Sunday 18 June 1815, near Waterloo, Belgium: Forces of the French Empire under Napoleon Bonaparte were defeated by those of the Seventh Coalition, including an Anglo-Allied army under the command of the Duke of Wellington and a Prussian army. It was the decisive battle of the Waterloo Campaign and Bonaparte's last. The defeat at Waterloo put an end to Napoleon's rule as the French emperor, and marked the end of Napoleon's Hundred Days of return from exile in Elba.

Duke of Wellington at Waterloo

According to Wellington, the battle was "the nearest-run thing you ever saw in your life."

Duke of Wellington

Napoleon delayed giving battle until noon on 18 June to allow the ground to dry. Wellington's army, positioned across the Brussels road on the Mont St Jean escarpment, withstood repeated attacks by the French, until, in the evening, the Prussians arrived in force and broke through Napoleon's right flank. At that moment, Wellington's Anglo-allied army counter-attacked and drove the French army in disorder from the field. Pursuing Coalition forces entered France and restored Louis XVIII to the French throne. Napoleon abdicated, surrendering to the British aboard HMS Bellerophon

Scene in Plymouth Sound in August 1815. HMS Bellerophon is at the centre of the picture, surrounded by crowds of people in small boats who have come to see Napoleon.

Napoleon aboard HMS Bellerophon


Grenadier Guards, Waterloo Medal and Private Simon Stainsby

I have in my possession, passed down through my family, a Waterloo Medal. This is the first medal ever to be issued to all soldiers present at an action.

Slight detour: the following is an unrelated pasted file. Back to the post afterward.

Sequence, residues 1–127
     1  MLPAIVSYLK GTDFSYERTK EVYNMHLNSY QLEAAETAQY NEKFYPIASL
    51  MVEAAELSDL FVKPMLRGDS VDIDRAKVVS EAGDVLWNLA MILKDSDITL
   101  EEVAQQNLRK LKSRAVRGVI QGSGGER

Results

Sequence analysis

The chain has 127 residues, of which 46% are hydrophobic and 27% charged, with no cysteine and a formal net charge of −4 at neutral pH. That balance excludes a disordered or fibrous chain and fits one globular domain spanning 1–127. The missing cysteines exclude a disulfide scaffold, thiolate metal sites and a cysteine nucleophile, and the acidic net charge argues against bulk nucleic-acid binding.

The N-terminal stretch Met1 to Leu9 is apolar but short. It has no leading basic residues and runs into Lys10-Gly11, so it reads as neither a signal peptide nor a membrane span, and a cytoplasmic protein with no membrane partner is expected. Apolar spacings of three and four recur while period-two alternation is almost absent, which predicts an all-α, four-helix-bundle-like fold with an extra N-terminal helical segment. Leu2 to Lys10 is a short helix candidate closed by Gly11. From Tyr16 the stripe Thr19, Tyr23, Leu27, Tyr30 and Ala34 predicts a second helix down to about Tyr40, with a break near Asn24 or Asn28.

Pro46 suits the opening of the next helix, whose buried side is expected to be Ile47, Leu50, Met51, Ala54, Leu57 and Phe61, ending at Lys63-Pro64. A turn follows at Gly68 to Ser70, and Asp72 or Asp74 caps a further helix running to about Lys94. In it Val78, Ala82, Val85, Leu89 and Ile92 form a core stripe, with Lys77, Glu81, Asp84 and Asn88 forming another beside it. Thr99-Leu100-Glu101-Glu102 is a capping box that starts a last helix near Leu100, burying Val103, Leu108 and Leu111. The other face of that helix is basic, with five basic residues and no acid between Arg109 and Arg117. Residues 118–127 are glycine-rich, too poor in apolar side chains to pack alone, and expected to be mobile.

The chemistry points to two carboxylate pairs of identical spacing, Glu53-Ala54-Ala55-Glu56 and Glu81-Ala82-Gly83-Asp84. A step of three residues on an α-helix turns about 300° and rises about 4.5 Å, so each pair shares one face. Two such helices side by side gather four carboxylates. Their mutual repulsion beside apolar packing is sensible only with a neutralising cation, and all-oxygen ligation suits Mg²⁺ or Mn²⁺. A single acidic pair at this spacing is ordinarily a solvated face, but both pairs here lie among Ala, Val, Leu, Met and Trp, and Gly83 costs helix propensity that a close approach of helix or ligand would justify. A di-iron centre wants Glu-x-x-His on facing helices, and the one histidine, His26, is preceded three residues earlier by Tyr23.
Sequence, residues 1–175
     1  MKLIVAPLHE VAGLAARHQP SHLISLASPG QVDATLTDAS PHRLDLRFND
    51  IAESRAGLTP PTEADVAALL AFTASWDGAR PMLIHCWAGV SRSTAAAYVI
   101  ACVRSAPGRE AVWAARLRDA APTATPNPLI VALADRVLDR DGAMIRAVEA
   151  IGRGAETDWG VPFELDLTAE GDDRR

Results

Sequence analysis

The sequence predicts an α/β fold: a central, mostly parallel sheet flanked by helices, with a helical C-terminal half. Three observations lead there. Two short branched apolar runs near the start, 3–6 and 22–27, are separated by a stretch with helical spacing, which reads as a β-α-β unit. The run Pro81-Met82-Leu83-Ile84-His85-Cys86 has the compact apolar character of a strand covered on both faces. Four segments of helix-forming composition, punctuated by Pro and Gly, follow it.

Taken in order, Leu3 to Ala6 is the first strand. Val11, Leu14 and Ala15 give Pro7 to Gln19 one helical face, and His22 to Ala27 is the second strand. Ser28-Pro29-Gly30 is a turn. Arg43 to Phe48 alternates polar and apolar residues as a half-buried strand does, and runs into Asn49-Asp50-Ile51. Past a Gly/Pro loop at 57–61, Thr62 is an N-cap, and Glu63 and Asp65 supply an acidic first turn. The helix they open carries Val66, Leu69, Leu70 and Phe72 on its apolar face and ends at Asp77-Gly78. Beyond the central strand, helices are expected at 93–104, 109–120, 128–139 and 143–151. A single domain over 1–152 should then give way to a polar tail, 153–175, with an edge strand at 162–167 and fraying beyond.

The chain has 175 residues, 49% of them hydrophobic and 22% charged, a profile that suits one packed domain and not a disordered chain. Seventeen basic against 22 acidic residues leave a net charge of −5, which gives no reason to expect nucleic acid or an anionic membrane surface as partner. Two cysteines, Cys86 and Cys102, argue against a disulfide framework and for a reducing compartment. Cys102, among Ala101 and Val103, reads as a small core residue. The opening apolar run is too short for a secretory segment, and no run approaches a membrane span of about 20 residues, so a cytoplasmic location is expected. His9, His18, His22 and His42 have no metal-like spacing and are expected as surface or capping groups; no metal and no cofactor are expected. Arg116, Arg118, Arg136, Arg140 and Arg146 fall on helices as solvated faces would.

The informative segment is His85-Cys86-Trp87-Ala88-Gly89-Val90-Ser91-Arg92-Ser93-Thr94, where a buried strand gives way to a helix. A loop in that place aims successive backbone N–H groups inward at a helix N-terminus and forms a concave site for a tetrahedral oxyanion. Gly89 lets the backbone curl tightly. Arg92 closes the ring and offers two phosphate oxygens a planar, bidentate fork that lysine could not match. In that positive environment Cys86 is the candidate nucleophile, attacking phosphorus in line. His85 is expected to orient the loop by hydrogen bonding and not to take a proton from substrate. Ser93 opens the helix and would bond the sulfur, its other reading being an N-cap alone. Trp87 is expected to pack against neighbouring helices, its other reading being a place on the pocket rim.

The story that accompanies it is that it was given to my grand-mother (I suspect this may be my great grandmother) by a house maid, for safe keeping, and never re-claimed, and that it had belonged to the maid's brother. It was also passed down that the name on the medal edge was wrong, it reads "SIMON STANISBY" and the family name was actually "Stainsby". His regiment is marked as "2nd BAT. GRENA. GUARDS".


The Grenadier Guards recruit in Derby to this day, and I wonder if this dates back to a connection with the Derbyshire Militia.

In 1978 I checked this name error story with the Regimental archives officer, and indeed his name was Stainsby.

He was (quoting the regimental reply):
"No. 199 Simon Stainsby.
Enlisted in Grenadier Guards on 7 December 1815* aged 18 at Dover from the Derby[shire] Militia.
(*My Note: This is likely wrong and likely should have read 1813, see "Derbyshire Militia: Enlistments into the Regular Army at Dover, December 1813" )
Height 5' 9"
Complexion: Dark
Eyes: Hazel
Hair: Black
Trade: Frame work knitter
Born: St Mary in the County of Derbyshire
Service abroad: France 1814, Waterloo and Paris 1815, Army of occupation 1816-1818."
"He remained a Private for all of his service which was due to a rather irregular career which I will not disclose and was discharged on 12 November 1835 aged 40 years suffereing from chronic catarrh, palpitaions and rheumatism with a pension of 1s/1d per day"

Now that Derby Mercury newspaper is on-line, and can be accessed and searched on-line (an amazing tool, if you are a Derbyshire Library cardholder), I was able to find Simon Stainsby, as a Waterloo Pensioner, attending a dinner given by the Derby Rifle Corps, at the Royal Hotel, Derby, in a report of June 20, 1860. (Note: Grenadier Guards=First or Grenadier Regiment of Footguards)


Grenadier Guards today